Filing for bankruptcy, in Texas or any other state, can provide temporary relief from foreclosure proceedings. Whether you will ultimately get to keep your home depends on a number of factors, including what type of bankruptcy you file.
Whether you file for bankruptcy under Chapter 7 or Chapter 13, a court order called the automatic stay goes into effect as soon as you file your paperwork. The stay stops all collection actions against you, including foreclosure proceedings. However, creditors can file a motion to "lift" the stay, which allows them to go ahead. The court is likely to grant this type of motion if it looks like you ultimately won't be able to keep your home.
Chapter 13 can be a good choice if you want to keep your home but have fallen behind on your payments. In Chapter 13, you can roll your missed payments into your repayment plan. That way, you can pay them off a little bit at a time over several years, rather than having to come up with the whole arrearage at once. As long as you complete your Chapter 13 plan and stay current on your monthly payments going forward, you can keep your home.
In Chapter 7, the trustee can take any property you own that isn't protected by an exemption. As long as you can use the Texas exemptions, however, your home won't be at risk: Texas provides an unlimited homestead exemption that protects all of your equity in your home, as long as it doesn't exceed a certain acreage.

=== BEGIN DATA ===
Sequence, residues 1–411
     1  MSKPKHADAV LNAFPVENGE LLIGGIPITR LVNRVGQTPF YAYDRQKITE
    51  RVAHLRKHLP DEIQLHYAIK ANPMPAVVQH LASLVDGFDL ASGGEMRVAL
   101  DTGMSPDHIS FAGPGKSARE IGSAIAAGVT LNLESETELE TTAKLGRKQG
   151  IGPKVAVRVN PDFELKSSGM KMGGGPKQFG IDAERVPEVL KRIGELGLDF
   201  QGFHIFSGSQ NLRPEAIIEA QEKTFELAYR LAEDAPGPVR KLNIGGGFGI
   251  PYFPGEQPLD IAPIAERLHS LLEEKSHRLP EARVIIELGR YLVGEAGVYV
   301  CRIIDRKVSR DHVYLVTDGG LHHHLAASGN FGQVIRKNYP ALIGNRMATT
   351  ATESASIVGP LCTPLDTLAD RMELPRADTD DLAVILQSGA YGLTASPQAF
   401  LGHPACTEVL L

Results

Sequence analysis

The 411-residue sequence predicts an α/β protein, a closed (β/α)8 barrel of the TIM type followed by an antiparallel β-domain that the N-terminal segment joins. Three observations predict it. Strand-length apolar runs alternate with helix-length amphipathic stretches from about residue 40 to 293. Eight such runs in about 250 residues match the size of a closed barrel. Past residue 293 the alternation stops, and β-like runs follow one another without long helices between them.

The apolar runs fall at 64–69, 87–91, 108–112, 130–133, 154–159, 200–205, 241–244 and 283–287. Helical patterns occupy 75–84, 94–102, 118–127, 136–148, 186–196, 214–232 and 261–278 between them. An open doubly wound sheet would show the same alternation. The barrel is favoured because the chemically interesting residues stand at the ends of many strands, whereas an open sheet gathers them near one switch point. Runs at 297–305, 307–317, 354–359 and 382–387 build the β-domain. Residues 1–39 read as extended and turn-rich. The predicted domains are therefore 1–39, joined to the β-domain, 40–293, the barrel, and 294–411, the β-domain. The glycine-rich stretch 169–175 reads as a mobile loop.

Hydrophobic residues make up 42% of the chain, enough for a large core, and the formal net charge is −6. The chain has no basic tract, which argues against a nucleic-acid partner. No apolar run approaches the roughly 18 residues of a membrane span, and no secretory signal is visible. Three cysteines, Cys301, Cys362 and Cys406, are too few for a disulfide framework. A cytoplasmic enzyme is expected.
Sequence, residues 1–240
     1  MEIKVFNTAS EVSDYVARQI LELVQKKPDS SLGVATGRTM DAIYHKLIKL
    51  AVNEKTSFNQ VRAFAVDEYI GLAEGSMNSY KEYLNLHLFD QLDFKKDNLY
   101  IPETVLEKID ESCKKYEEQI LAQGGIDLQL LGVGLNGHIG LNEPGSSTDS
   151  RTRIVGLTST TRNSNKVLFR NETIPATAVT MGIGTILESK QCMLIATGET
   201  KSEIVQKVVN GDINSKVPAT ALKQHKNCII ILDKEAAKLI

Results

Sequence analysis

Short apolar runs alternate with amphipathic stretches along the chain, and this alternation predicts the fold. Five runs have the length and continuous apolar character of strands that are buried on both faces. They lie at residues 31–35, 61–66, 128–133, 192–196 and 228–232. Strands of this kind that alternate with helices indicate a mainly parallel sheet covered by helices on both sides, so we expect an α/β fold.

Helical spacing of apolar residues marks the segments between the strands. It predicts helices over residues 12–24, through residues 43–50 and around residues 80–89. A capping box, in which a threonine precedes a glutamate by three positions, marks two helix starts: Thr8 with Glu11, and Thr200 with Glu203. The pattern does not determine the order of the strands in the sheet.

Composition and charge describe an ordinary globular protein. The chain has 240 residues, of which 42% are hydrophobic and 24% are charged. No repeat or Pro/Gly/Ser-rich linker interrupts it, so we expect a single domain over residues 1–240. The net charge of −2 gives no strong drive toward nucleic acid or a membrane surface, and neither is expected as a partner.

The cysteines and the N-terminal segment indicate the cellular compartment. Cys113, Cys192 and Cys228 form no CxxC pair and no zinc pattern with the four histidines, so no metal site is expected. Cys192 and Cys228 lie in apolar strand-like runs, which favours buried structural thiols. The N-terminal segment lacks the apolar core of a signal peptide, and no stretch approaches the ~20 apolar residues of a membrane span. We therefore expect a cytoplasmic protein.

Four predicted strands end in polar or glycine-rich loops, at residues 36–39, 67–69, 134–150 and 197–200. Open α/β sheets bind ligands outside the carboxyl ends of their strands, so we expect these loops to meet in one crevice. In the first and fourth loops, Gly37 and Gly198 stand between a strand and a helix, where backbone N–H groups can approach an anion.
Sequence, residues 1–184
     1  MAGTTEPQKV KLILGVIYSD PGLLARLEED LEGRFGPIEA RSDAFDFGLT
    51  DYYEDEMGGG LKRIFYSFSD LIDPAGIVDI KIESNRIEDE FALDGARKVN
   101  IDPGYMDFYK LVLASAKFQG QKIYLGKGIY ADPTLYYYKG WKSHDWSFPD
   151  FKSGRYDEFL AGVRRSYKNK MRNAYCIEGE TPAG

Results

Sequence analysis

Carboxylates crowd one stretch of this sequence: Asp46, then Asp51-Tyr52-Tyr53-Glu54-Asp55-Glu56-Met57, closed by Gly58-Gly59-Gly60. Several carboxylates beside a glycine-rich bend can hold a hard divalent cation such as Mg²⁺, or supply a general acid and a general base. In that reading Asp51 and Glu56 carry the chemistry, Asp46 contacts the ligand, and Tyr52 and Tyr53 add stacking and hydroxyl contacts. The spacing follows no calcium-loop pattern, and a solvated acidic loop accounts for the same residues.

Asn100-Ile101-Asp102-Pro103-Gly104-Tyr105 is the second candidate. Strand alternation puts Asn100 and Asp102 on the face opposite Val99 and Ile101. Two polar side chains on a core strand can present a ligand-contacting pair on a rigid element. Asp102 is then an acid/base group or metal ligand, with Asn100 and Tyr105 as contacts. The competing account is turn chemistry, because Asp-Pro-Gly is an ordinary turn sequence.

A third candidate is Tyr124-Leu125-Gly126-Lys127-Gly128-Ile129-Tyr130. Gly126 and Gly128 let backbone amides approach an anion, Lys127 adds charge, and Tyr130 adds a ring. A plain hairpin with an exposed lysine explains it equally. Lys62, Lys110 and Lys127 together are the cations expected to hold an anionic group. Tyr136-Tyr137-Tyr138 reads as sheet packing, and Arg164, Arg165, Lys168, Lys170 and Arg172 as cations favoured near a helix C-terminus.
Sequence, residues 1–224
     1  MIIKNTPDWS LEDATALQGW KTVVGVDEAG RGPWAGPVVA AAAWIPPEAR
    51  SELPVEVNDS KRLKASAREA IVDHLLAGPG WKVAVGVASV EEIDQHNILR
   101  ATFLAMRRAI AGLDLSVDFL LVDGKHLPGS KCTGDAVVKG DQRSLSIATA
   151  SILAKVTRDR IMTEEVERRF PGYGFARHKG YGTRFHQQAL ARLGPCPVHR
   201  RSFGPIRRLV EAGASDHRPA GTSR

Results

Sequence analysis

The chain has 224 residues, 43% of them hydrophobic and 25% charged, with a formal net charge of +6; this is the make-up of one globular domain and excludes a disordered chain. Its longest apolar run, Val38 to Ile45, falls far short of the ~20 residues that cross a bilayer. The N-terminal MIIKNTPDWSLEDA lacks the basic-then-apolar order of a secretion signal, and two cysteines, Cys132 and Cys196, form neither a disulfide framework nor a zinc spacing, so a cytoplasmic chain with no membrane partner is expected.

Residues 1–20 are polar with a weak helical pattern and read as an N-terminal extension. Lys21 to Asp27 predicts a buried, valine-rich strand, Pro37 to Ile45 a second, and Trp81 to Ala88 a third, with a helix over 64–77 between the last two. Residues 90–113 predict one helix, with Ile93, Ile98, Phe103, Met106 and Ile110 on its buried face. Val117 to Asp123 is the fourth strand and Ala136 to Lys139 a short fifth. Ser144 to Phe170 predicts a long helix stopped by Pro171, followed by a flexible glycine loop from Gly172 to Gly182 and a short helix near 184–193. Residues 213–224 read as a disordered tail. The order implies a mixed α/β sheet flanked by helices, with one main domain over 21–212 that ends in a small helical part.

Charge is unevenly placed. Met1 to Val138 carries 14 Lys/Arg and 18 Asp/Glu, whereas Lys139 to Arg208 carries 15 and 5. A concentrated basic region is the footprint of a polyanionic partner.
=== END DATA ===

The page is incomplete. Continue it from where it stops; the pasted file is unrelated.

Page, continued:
If you are facing foreclosure, your bankruptcy will wipe out your personal liability to repay the debt. However, the lender still has the right to take back the house. So, if you want to keep it, you will have to come up with the money you owe and get current going forward. Chapter 7 can help postpone foreclosure for at least a few months. Because it discharges many debts, it may also help you free up more money to pay your mortgage. But ultimately, Chapter 7 doesn't give you any way to get back on track with the lender. You'll have to pay back what you owe or negotiate an agreement with the lender if you want to stay in your house.
Updated by: Kathleen Michon, J.D.